The municipality of the 6th district would reconsider the current silence regulation. Many residents would favour stricter rules as they hope for more peace and public cleanliness. However, clubs are concerned about experiencing financial issues. They claim that if nightly income is lost, they will not generate enough revenue to fund daytime alternative / cultural programs in the same venues.
According to the Terézváros municipality, it may be necessary to renew the local silence ordinance, which is believed to be obsolete (partly) due to the epidemic. There has been a multitude of restaurants, entertainment venues and cultural institutions operating in Terézváros, in the 6th district of Budapest, for decades. According to the local government, the decree is currently being reviewed, but they want to ensure that everyone could have a say in the decision. They emphasised that they do not aim to use overly drastic restrictions, so the sector will not suffer too much, says metropol.hu.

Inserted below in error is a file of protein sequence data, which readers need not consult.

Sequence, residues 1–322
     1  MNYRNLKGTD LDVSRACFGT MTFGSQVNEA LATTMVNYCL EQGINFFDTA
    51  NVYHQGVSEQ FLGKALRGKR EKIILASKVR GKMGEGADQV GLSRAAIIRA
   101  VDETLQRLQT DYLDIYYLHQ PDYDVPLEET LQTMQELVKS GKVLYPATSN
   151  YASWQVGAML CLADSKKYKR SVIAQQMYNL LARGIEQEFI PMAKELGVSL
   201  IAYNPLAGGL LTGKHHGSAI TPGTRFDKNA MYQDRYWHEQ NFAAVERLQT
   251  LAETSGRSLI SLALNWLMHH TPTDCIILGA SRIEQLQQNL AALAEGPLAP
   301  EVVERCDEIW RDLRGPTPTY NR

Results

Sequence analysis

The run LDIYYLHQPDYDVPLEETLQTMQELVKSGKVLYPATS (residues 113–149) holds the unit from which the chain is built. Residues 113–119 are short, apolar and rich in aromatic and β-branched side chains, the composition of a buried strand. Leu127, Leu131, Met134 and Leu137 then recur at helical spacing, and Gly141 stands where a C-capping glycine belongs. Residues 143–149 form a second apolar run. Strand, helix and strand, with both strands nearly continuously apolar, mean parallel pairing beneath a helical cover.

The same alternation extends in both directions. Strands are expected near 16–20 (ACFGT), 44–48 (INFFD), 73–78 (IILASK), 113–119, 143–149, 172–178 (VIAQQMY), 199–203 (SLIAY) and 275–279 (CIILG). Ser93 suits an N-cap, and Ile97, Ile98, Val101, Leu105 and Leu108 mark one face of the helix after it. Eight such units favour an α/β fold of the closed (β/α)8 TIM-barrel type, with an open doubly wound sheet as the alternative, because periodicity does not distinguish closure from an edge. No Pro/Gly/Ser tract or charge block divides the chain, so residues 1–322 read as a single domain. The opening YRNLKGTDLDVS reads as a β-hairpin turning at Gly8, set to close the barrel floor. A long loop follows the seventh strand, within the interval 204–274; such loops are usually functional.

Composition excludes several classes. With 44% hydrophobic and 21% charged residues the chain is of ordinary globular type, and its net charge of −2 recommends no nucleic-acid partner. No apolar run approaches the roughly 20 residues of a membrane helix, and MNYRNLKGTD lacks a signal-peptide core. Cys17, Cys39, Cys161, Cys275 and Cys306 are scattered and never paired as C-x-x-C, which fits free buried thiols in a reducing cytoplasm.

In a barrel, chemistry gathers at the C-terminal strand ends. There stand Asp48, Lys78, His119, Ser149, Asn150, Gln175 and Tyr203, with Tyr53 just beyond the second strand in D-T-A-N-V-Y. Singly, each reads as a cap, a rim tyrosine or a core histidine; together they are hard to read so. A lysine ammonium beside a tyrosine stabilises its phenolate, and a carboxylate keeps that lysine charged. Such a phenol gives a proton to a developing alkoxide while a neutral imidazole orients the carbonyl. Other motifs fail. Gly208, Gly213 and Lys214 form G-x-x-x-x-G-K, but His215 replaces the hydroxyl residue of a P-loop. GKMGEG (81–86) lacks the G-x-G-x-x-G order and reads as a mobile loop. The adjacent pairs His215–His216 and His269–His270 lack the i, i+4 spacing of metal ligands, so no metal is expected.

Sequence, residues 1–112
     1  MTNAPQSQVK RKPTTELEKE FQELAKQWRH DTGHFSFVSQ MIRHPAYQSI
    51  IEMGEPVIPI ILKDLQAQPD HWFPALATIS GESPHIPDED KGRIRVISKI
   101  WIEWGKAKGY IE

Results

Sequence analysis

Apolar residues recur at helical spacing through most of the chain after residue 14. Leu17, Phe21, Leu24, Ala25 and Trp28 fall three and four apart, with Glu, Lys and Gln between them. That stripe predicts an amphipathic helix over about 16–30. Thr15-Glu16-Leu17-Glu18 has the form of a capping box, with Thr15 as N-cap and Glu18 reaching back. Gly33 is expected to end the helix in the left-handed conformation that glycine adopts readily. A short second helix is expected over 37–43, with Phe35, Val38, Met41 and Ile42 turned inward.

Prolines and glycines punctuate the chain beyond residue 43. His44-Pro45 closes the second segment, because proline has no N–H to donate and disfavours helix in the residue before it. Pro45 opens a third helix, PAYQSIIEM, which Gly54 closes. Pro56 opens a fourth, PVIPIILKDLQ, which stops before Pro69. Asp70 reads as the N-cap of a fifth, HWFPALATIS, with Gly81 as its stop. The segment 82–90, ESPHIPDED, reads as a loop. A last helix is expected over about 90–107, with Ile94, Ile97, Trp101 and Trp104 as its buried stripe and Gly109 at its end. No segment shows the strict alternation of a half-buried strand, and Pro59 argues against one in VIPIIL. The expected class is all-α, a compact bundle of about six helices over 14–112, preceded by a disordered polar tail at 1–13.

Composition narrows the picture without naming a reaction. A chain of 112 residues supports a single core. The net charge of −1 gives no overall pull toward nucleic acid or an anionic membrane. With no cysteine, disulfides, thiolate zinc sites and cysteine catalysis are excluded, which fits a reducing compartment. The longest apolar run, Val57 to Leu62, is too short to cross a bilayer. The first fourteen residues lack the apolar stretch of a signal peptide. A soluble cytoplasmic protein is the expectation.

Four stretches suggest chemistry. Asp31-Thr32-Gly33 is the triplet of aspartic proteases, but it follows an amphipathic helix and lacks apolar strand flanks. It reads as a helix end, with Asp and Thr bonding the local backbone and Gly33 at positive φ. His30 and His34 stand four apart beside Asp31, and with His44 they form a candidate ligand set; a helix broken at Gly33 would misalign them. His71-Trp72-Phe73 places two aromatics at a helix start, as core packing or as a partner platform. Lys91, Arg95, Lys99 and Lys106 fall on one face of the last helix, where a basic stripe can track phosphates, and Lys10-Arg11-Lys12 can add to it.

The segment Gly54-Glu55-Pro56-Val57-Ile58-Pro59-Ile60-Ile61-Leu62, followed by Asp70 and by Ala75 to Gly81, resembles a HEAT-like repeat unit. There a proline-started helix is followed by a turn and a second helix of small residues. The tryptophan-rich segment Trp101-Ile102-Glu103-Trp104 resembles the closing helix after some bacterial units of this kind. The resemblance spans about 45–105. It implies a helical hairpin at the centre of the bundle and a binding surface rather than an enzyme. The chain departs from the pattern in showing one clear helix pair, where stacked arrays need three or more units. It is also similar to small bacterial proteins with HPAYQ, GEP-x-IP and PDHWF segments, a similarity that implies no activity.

Club owners believe that if district rules get further tightened, there will be an avalanche of closures. According to them, alcohol revenue is needed to be able to organise civic, cultural, non-profit or even loss-making programs. To put it simply, pálinka and beer sales pay daytime culture. If nightclubs are not allowed to stay open at night, it will be impossible to operate the same way as before. Visitors may not find any cultural programs in the future, writes hirtv.hu.
Even though young people appreciate the proximity of nightclubs, they also name a number of serious problems: trash, the smell of urine, and drunks present on the streets.
The 6th district used to have a vibrant nightlife at the turn of the 2000s (and even earlier); however, with the tightening regulations of the 2009 Municipal Silence Decree, a wave of changes began. Most of the clubs in the 6th district (the so-called ‘Bulinegyed’) relocated their headquarters, while others simply went bankrupt or ceased to exist. Terézváros then handed over the decision to the residents: a nightclub or club could only operate after 10 pm if half of the residents consented to it. In 2012, this regulation was further tightened, and since then, residents have had the right to oblige an establishment to close its doors after 10 pm. As a result of the process, less than 300 out of the more than 2,000 entertainment venues, including also commercial units and restaurants, have remained.
Source: metropol.hu, hirtv.hu